The so-called "Maison de Bourgogne", or "House of Burgundy" adjoins an inner courtyard in the center of the government district. This building was first mentioned in 1447 and was built on the site of the former monetary workshop of the counts of Luxembourg. Shortly thereafter, the building became the property of Claude de Neufchâtel, lord of Le Fay and lieutenant general (1475-1477), then governor (1477-1478, 1480-1486) of the duchy of Luxembourg. The residence was successively named Maison du Fay, then Berbourg and then Metternich. It was then owned by the Congregation of Notre-Dame before housing the Ministry of State between 1975 and 2019.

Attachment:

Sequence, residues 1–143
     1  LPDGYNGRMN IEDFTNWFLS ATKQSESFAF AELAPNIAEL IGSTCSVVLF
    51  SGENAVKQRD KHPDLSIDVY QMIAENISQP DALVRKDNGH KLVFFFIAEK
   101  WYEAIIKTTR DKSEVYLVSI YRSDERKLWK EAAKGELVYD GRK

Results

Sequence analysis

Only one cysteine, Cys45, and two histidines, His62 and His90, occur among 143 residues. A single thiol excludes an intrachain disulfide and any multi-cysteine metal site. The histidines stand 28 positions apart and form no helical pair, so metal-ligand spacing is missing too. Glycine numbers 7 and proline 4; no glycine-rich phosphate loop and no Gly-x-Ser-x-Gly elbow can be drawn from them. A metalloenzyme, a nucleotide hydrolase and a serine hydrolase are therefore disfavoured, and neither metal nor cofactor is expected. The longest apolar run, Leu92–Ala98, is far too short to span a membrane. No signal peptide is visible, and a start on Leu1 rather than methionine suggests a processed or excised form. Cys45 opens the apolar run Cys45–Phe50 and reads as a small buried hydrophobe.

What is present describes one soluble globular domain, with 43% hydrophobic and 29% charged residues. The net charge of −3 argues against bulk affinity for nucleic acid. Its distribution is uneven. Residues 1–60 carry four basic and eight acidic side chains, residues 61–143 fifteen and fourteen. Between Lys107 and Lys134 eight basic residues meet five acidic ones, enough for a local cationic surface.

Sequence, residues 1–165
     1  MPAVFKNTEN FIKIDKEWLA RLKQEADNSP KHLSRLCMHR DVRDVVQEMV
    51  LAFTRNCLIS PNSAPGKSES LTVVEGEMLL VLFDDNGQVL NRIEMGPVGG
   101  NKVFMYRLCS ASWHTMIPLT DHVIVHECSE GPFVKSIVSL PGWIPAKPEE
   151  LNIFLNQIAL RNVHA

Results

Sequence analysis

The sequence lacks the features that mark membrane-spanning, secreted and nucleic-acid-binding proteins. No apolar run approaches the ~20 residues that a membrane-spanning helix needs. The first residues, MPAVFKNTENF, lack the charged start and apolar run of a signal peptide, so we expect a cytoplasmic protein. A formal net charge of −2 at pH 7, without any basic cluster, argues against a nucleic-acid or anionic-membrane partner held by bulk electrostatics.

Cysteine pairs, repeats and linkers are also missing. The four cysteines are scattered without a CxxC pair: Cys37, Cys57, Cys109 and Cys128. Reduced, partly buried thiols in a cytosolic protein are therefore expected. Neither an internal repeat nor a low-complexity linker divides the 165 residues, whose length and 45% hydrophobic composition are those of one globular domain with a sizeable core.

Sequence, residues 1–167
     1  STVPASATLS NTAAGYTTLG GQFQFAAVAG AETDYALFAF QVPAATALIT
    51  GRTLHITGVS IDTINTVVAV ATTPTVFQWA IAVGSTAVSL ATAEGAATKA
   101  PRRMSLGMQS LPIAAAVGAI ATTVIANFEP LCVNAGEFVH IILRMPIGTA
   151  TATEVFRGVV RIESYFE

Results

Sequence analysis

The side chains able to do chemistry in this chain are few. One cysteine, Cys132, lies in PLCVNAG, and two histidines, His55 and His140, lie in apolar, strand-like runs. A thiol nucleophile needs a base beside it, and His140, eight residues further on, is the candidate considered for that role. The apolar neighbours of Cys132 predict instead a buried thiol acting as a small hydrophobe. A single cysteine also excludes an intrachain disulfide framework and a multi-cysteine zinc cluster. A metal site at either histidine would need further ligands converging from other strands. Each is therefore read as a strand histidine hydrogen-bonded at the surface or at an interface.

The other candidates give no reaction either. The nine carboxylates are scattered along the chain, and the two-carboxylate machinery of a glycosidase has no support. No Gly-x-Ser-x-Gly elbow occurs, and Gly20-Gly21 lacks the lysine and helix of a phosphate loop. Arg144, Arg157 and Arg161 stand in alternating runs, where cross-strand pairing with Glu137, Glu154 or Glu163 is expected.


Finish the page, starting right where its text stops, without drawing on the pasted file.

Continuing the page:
The columns and pointed arches at the entrance to the stair tower, built in brick and entirely preserved, are typical elements of the transition period between the Gothic and Renaissance styles. It is therefore one of the oldest preserved buildings in Luxembourg.